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Heir to Nazi-era art hoard Cornelius Gurlitt dead

The reclusive German son of a Nazi-era art dealer who hoarded hundreds of priceless paintings in his Munich flat for decades died on Tuesday aged 81, a spokesman said.

MUNICH: The reclusive German son of a Nazi-era art dealer who hoarded hundreds of priceless paintings in his Munich flat for decades died on Tuesday aged 81, a spokesman said.

Cornelius Gurlitt died "in his apartment in Schwabing, in the presence of a doctor," Stephan Holzinger said in a statement, referring to an upscale district of Munich.

Holzinger said Gurlitt had recently undergone serious heart surgery and after spending a week in hospital, asked to return to his home where he had lived among long-lost masterpieces by Picasso, Matisse and Chagall until he came to the attention of the authorities two years ago.

He said Gurlitt had received round-the-clock care in his home until his death.

Gurlitt had last month struck an accord with the German government to help track down the rightful owners of pieces in his trove of 1,280 artworks, including Jews whose property was stolen or extorted under the Third Reich.

The works, whose value has been estimated at hundreds of millions of dollars, were seized in February 2012 when they were discovered by chance in the course of a small-scale tax evasion investigation.

Holzinger said that probe would now end with Gurlitt's death.

Gurlitt's father Hildebrand acquired most of the paintings in the 1930s and 1940s, when he worked as an art dealer tasked by the Nazis with selling works taken from Jewish families and avant-garde art seized from German museums that the Hitler regime deemed "degenerate".

The case only came to public attention when Focus news weekly published an article on it late last year, sparking fierce international criticism that German authorities kept the case under wraps for so long.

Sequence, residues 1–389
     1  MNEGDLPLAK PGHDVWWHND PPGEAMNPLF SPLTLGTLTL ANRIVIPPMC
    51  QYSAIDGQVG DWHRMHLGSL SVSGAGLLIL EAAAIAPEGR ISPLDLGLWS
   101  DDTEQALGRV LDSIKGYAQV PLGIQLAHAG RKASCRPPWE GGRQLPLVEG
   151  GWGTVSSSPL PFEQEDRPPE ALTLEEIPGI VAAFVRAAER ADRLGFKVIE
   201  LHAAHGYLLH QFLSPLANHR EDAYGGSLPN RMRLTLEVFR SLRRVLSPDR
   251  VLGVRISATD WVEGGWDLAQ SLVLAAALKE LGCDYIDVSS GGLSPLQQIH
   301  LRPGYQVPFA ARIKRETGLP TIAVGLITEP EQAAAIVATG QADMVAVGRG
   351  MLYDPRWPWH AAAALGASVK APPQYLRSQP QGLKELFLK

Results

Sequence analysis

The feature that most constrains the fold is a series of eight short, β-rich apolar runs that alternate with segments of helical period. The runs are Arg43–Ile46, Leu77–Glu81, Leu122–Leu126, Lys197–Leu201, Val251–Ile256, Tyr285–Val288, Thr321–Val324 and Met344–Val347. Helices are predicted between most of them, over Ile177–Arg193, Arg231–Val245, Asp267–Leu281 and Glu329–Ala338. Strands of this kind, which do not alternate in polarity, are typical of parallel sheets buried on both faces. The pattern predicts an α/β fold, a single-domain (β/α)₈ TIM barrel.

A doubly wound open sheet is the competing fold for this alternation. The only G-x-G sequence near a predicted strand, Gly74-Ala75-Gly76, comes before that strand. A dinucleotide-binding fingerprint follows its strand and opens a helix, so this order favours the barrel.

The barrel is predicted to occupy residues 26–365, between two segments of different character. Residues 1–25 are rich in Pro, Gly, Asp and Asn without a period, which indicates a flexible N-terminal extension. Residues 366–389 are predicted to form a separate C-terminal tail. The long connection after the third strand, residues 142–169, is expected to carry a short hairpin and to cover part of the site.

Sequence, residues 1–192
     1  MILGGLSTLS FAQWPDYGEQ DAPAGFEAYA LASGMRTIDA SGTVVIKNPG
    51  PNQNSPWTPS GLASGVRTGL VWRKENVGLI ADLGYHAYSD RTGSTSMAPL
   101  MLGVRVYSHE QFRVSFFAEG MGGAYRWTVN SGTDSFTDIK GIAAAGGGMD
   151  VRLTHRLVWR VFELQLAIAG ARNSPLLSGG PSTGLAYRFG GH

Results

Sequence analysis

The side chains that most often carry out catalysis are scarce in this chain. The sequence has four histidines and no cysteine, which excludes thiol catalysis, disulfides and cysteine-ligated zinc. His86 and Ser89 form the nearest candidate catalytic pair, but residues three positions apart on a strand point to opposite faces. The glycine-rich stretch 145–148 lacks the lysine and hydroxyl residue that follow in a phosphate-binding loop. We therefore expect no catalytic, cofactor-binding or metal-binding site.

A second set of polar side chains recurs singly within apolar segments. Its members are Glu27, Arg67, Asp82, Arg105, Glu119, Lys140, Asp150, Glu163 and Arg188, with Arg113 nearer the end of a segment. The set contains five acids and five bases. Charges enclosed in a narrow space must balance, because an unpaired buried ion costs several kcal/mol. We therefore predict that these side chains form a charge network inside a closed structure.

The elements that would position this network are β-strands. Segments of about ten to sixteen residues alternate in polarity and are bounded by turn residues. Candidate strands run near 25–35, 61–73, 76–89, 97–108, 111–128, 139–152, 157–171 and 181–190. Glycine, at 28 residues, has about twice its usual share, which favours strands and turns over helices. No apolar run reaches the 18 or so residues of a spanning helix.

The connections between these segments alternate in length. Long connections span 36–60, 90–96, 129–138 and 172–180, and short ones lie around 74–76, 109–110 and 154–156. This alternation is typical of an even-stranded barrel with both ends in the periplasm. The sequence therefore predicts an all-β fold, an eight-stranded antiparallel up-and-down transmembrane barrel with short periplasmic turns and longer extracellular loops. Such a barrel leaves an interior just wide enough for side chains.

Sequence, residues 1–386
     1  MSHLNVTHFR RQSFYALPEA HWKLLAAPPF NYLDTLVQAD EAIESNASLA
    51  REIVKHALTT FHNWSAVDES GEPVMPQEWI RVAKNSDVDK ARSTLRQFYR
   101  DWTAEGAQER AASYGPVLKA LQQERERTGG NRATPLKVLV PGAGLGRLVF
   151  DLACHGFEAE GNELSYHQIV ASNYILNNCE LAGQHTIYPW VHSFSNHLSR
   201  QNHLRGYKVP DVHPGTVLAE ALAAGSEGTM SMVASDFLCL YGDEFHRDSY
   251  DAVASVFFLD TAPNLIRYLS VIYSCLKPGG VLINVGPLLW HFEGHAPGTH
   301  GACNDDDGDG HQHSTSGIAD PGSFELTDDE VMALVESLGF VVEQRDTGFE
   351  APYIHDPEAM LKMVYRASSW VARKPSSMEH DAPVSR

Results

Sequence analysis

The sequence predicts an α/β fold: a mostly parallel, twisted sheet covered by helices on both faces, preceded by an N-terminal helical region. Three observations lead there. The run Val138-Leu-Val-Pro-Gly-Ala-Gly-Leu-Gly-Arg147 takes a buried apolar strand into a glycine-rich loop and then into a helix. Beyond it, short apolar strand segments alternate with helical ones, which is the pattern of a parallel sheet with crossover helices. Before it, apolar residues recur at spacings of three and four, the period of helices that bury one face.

Under the April accord, a government-appointed international task force of art experts will have one year to investigate the provenance of all the works in Gurlitt's Munich collection.

Artworks subject to ownership claims after that deadline will be held by a trust until the cases are resolved.

The deal Gurlitt struck was voluntary, however, and it was not immediately clear whether he left a will or whether an heir could contest the agreement.

Gurlitt's public image evolved dramatically in the months since his case came to light.

He was initially cast in the German media as an eccentric villain, and told Der Spiegel magazine in a notorious interview last November that he would never give up his collection without a fight.

"I will not give anything back voluntarily," he said. "No, no, no."

But with the help of a revolving cast of lawyers and advisors, Gurlitt eventually softened his stance and began cooperating with the German government to reach an agreement that was also welcomed by Jewish groups.

German Culture Minister Monika Gruetters praised Gurlitt's eventual decision to own up to the historical burden of his spectacular hoard.

"It will remain a credit to Cornelius Gurlitt that he, as a private individual, set an example in the search for fair and just solutions with his commitment to moral responsibility," she said.

"He rightly received recognition and respect for this step."

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